My Top Reads of 2017

As I have been doing for nearly a decade now, here is a list of my most enjoyable reads for 2017.

The list comes in no particular order.

The Voice of the Heart by Chip Dodd: This is Dodd’s most known work. In it he explores what he (and others) identifies as the eight core feelings: hurt, lonely, sad, anger, fear, shame, guilt, and glad. As he states in the preface: “These eight core feelings are the beginning of the expression of all human emotional experience. From these core feelings we can expand the expression to name conditions of the heart such as awe, grief, envy, anxiousness, depression, revenge, delight, and boredom” (XI). This is my full review of the book.

The Light Is Winning by Zach Hoag: Whereas the author could have easily become part of the proverbial “Nones” and “Dones” in regards to the Christian faith, Zach instead had an “apocalypse,” or a revealing that rooted him further in the true religion that is the Christian faith. Hoag masterfully weaves his story, his study of the book of Revelation, and his reflections on American religious culture to help us understand that the light is winning. My review of the book can be found here.

Canoeing the Mountains by Tod Bolsinger. This book was one I read for my doctoral studies. The thesis of the book is how to lead in the midst of uncharted territory, especially in an ever-changing, 21st century. In particular, Bolsinger uses the account of Meriwether Lewis and William Clark (and their charge to find the Northwest Passage) as a template for understanding five lessons that Christian leaders need to learn in order to lead in uncharted territory. I might still niggle with him over his point that the mission always takes precedence over the people. Here is a brief intro to the book that I wrote up.

Up From Slavery by Booker T. Washington. The book tracks the life of Washington: moving from a life of plantation slavery onto the glories of the Emancipation Proclamation to entering his own schooling at the Hampton Institute to the pioneering of the Tuskegee Institute to the great expansion of that very school over the years. Reading the book left me in awe of what this man walked through. I’ll never experience what he did. Never accomplish what he did. But it stirred in me a desire to lead in such a way as Washington did. Here are more of my reflections on the book.

The Day the Revolution Began by N.T. Wright. Though it weighs in at 448 pages, this work is still for a popular audience rather than academia alone. The work flows out the New Pauline Perspective (NPP), but offers a specific focus on the cross and atonement. In particular, Wright combats the typical evangelical focus on the cross, what he identifies as the “works contract” in which “humans sin, God punishes Jesus, and humans are let off” (p297). Rather, he lays out the view of a “vocational covenant” that exists between God and Israel, one to which Jesus fulfilled through the cross. Wright does not disregard penal substitutionary atonement, traditionally a big part of an evangelical theology of the cross. Rather he looks to better situate the atonement in the Jewish narrative of Scripture.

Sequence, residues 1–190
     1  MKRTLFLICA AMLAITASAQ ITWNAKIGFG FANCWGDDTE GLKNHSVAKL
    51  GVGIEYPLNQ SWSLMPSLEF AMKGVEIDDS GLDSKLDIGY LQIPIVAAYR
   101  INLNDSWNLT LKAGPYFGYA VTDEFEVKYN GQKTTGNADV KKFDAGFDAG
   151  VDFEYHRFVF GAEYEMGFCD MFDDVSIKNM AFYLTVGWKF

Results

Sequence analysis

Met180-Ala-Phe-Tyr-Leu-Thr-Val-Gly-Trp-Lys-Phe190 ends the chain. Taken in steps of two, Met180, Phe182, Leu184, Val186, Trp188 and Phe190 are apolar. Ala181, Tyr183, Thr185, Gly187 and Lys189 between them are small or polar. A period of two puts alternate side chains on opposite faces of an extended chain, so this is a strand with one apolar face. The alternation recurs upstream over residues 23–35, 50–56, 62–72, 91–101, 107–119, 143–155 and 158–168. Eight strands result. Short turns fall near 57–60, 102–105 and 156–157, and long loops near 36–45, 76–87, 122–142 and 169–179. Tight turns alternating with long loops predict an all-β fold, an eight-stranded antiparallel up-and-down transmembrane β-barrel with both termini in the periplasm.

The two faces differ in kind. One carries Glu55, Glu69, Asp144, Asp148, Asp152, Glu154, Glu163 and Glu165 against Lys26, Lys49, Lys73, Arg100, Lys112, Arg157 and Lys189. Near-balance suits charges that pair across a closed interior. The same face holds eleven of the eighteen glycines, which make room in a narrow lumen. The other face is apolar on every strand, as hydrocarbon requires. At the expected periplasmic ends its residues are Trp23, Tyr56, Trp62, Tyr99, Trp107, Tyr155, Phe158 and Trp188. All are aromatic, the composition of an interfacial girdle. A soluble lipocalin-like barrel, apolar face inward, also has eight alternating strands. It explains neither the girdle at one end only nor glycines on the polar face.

Leading Change by John Kotter. Another great read this year as part of my own studies in leadership development. In this work, the author shares an eight-stage process of bringing change within organizations: 1) establishing a sense of urgency, 2) creating the guiding coalition, 3) developing a vision and strategy, 4) communicating the change vision, 5) empowering employees for broad-based action, 6) generating short-term wins, 7) consolidating gains and producing more change, and 8) anchoring new approaches in the culture. If I have the change to teach on leadership in the future – particularly in a larger organizational setting rather than developing individuals – I plan to utilize this book.

As Kingfishers Catch Fire by Eugene Peterson. I’ve shared much about my appreciation for Peterson. His works have meant much to me. This is the final work of his career, coming in the vein of his spiritual theology series. It’s a culmination of many of his sermon’s preached to his congregation at Christ Our King Presbyterian Church in Maryland. These sermons are gathered into sections, offering reflections upon the words of seven biblical characters: Moses, David, Isaiah, Solomon, Peter, Paul and John.

Race and Place by David Leong. Race continues to be an important conversation (or debate) in our 21st century world. Whereas we typically expect to hear from white, Anglo-Americans or African-Americans on the subject, the author comes to the discussion table as an Asian-American. Thus, for me, it’s a fresh voice to listen to. In particular, Leong looks at how geography (or our place) plays into the discussion surrounding race and how to move towards the space of reconciliation.

Camino Island by John Grisham. I’ve read every novel by Grisham to date, all thirty-plus. So each time a new work is released, I look to purchase it  (I just received his most recent work for Christmas and am one-third the way through it now). Interestingly, this one is centered around books, or priceless manuscripts that have been stolen from Princeton University.

If interested, below are the links to my top reads from the previous eight years. Next week I’ll share the books I plan to read in 2018.



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